03/29/2011 10:32AM

Stronach-MI Developments swap approved


Shareholders of MI Developments on Tuesday overwhelmingly approved a plan that will allow its chairman and chief executive, Frank Stronach, to swap his supervoting shares for all of the company’s racing and gambling assets, including Santa Anita Park and Gulfstream Park.

Although the deal must still clear several regulatory hurdles, the approval puts Stronach one step closer to exercising total control of the racing properties, free from the criticism of shareholders of MI Developments and its dissolved subsidiary, Magna Entertainment, but at the risk of staking his own personal fortune on the performance of the assets.

According to MI Developments, the deal was approved at a meeting on Tuesday morning in Toronto by nearly 100 percent of the votes cast by qualified shareholders in three of the four voting blocs and by 86 percent of the voters in a fourth class. With the approval, the deal will be sent to an Ontario Superior Court of Justice for a “fairness review” on March 31. If the court approves the deal, it could close by June 30.

Under the deal, Stronach would give up control of MI Developments by swapping his supervoting stock and $20 million in cash for the racing and gambling assets. Although the stock represents 1 percent of the nominal equity value of the company – or approximately $12.8 million – the shares control 57 percent of the voting power. Stronach, 78, will also be required to step down as chairman and chief executive.

In exchange, Stronach will receive Santa Anita and Golden Gate Fields in California; Gulfstream and an attached casino in Florida; the Palm Meadows training center in Florida; a 50 percent stake in Laurel Park and Pimlico Race Course in Maryland; Portland Meadows in Oregon; the XpressBet account-wagering company; the bet-processing company AmTote; and a half-share in the horserace broadcasting network HRTV.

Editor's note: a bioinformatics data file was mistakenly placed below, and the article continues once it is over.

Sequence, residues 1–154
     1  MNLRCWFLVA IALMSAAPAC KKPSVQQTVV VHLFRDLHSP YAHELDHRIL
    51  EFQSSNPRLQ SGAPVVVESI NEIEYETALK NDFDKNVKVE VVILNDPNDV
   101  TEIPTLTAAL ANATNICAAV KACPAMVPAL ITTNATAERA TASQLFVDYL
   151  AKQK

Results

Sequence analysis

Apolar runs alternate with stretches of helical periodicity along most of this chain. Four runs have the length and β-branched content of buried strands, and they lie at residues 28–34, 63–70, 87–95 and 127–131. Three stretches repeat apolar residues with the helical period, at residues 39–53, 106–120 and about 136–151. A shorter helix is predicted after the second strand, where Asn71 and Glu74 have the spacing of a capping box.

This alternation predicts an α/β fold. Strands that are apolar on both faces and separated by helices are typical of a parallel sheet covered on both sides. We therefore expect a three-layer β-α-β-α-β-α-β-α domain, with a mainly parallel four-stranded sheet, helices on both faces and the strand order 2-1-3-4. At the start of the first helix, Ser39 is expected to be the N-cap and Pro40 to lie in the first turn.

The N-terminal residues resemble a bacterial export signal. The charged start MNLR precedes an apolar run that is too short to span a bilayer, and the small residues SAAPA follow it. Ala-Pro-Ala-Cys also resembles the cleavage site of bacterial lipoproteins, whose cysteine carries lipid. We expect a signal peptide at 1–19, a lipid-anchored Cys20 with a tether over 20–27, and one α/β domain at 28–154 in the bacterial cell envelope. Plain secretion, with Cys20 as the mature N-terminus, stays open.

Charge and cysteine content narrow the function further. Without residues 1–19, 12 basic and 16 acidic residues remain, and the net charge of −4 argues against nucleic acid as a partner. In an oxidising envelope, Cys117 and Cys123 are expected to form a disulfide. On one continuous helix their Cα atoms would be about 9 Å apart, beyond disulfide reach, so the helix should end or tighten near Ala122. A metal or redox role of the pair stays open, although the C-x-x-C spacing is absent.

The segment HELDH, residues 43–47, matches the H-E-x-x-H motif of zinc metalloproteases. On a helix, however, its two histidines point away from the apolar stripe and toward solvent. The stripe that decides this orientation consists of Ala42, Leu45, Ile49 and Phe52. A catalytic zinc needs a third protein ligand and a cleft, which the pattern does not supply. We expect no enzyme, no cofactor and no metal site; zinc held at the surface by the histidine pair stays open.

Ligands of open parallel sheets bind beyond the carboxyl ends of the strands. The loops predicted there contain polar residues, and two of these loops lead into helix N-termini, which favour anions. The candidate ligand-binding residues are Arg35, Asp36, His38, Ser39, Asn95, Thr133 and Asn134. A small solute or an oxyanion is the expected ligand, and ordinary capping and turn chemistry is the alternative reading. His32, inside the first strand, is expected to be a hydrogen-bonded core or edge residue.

Those assets were valued at between $585 million and $730 million by a firm that evaluated the deal for the company. However, the assets have lost hundreds of millions of dollars while on the books of MI Developments and its subsidiary, Magna Entertainment, which was dissolved in April of last year through the transfer of its remaining assets to MI Developments. Shareholders had been highly critical of the performance of the properties for dragging down the financial results of the company, which derives the brunt of its profits from rents collected on properties owned by another company Stronach founded, Magna International.

According to MI Developments’s financial documents, the racing assets lost $76.7 million while on the books for eight months in 2010. Stronach’s personal fortune is estimated at hundreds of millions of dollars.

The swap deal will prohibit MI Developments or any of its subsidiaries from offering any aid or doing any business with the racing assets, limiting Stronach’s ability to tap credit markets due to the poor financial performance of the properties over their histories.

Early in March, MI Developments announced that Greg Avioli, the chief executive of Breeders’ Cup since 2006, would take over as chief executive of its racing and gaming division. Avioli is expected to move on to the company set up by Stronach after the deal closes.

The swap deal was first announced in December. On Tuesday, stock in MI Developments closed at $28.66, up 83 cents, or 2.98 percent.